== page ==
For example, in the 600 V class, buses can be divided into incident energy levels, 50% at 0-1.2 cal/cm2, 20% at 1.2-4 cal/cm2, and 12% at 4-8 cal/cm2.

What is notable is that every voltage level contains buses of every incident energy level. This variability makes it difficult to predict the incident energy level of a bus without doing a formal calculation and demonstrates a limitation of selecting PPE by only using the tables in NFPA 70E section 130.7(C). This variability can lead to the use of too much or too little PPE if not calculated through system analysis.

Power system analysis programs are available to aid in the calculations of incident energy levels. The process of completing an assessment can be a great opportunity to train personnel and update documentation. Existing equipment settings and layout can be verified against existing records and discrepancies verified.

The results of the studies can be used to show why certain equipment settings have been selected and the consequences of changing settings.

Once the study has been completed, the results can be examined to determine the best course of action to deal with any points of exceptionally high incident energy levels. Exceptionally high-energy points (those greater than 40 cal/cm2) are often due to conditions in the power system such as:

  • Primary fusing on a substation transformer higher than needed: Example: 1000 kVA transformer at 35 kV primary voltage has full load amps around 16 A; typical primary fusing should be sized at 25 A. If the existing primary fuse is sized at 50 A or 65 A, the incident energy at the secondary will be high.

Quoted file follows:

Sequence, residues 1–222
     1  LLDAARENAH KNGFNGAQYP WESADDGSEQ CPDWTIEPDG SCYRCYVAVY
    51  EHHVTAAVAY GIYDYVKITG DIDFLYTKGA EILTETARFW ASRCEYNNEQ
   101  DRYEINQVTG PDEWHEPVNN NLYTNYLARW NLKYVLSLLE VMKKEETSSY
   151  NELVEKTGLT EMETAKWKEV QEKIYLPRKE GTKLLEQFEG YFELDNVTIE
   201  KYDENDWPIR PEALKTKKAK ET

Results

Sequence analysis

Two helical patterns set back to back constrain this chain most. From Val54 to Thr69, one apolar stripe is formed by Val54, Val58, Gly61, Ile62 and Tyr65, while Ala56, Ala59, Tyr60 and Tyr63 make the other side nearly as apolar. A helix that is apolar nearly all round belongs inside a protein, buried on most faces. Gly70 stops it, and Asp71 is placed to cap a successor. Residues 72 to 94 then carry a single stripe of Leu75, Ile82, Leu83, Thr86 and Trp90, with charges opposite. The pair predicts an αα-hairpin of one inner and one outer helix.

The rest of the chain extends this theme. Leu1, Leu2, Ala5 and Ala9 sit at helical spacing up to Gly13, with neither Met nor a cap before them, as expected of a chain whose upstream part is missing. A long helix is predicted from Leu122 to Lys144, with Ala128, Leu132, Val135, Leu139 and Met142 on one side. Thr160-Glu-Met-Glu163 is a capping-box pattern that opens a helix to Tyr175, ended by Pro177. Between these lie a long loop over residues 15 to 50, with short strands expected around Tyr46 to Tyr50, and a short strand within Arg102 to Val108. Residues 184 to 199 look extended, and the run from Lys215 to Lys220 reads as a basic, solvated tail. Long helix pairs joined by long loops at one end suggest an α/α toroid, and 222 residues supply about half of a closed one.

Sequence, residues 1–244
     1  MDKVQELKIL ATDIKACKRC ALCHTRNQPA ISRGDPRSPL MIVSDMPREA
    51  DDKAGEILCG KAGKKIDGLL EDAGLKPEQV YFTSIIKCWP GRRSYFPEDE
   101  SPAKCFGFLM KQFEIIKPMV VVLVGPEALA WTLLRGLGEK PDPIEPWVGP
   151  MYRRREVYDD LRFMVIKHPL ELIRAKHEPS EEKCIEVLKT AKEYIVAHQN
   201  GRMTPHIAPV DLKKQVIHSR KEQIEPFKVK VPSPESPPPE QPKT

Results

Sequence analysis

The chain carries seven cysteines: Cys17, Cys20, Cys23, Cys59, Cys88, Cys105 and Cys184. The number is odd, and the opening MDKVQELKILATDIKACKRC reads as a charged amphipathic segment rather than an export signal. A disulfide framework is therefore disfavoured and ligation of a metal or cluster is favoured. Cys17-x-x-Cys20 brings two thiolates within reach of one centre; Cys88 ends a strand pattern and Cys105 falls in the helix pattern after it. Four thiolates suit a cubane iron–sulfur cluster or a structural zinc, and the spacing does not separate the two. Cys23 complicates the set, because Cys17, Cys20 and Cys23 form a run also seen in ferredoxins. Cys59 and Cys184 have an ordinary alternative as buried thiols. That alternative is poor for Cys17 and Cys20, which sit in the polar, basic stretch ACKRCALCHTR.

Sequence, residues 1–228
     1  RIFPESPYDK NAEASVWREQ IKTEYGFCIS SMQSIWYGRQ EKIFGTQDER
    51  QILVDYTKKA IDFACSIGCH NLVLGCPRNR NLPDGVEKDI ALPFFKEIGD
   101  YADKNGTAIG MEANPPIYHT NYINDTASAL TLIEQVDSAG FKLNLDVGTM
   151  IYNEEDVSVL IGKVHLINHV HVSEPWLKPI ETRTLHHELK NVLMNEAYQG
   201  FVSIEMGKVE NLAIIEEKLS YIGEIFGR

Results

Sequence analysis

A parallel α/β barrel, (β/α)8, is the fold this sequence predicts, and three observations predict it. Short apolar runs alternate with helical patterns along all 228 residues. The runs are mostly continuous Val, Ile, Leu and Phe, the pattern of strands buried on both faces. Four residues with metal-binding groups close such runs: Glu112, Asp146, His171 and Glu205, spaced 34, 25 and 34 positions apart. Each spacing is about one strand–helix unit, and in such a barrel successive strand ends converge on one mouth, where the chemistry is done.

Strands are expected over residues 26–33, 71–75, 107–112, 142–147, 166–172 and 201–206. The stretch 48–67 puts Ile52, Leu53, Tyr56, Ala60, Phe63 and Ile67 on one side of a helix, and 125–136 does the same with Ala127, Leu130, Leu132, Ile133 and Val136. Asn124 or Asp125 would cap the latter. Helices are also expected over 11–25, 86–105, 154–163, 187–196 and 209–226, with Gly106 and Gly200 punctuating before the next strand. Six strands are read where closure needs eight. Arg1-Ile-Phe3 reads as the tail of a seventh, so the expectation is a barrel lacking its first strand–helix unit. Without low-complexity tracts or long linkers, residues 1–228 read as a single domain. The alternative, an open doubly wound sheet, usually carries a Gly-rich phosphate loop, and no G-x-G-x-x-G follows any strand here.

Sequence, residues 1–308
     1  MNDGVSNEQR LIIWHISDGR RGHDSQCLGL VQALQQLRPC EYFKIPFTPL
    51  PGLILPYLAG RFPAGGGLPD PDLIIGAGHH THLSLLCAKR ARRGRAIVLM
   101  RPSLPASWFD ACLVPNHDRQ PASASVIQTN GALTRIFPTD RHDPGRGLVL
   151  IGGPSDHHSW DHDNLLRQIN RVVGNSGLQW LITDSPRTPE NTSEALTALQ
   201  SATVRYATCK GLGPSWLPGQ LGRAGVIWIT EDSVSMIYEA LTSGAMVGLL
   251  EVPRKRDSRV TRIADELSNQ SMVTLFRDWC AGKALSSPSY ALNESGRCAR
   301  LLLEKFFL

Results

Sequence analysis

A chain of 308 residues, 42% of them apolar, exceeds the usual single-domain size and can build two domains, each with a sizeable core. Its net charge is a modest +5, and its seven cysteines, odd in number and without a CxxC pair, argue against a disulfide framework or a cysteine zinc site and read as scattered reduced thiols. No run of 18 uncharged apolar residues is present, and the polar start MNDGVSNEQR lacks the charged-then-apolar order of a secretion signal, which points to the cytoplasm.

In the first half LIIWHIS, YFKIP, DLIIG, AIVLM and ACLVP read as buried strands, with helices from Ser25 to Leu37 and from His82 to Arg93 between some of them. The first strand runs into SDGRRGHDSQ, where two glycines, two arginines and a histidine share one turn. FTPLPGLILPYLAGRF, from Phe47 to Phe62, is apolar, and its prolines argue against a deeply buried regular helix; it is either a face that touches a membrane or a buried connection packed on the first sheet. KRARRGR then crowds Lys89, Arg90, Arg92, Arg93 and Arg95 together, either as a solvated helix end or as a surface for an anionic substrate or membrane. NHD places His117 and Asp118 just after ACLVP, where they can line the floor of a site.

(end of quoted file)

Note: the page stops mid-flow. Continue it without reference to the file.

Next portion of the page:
• Low voltage power circuit breaker settings are all turned to maximum: The settings of switchgear circuit breakers are critical to reducing or limiting the arc flash energy. Especially important are the instantaneous settings on the breaker trip unit, if it has these settings. If these are set to the maximum, then the incident energy will be high.
  • Low fault current due to long cable lengths: Long cable lengths decrease the fault current that will flow during an arc incident. Protective devices such as fuses and circuit breakers take longer time to trip when they sense lower fault current; the longer time means higher incident energy.

PPE may be available to protect the worker at higher incident energy, but the clothing can be restrictive and uncomfortable if worn for long periods of time. The electrical system should be reviewed to see if the hazard could be reduced or eliminated through protective device selection or other design changes.

Many parts of the design have an effect on the estimated arc flash incident energy.

A detailed assessment of an electrical system, using a commercial software program, will help in determining the value of these possible design changes. Alternatives can be modeled and the resulting arc flash energy values can be easily compared.


There are engineering solutions and technologies available that can help the plant engineer reduce arc hazards. Examples requiring no or relatively small capital investment include re-coordination of protective devices, use of current limiting fuses and circuit breakers, and application of remote racking and switching hardware.

Arc flash hazard exposure can be reduced dramatically through use of careful administrative methods and work practices, which include:

  • Job planning with careful consideration of the sequence of switching to minimize the number of exposures
  • Planning and scheduling to enable work to be done under de-energized conditions
  • Application of temporary protection schemes that change protective device settings for short periods during maintenance and switching.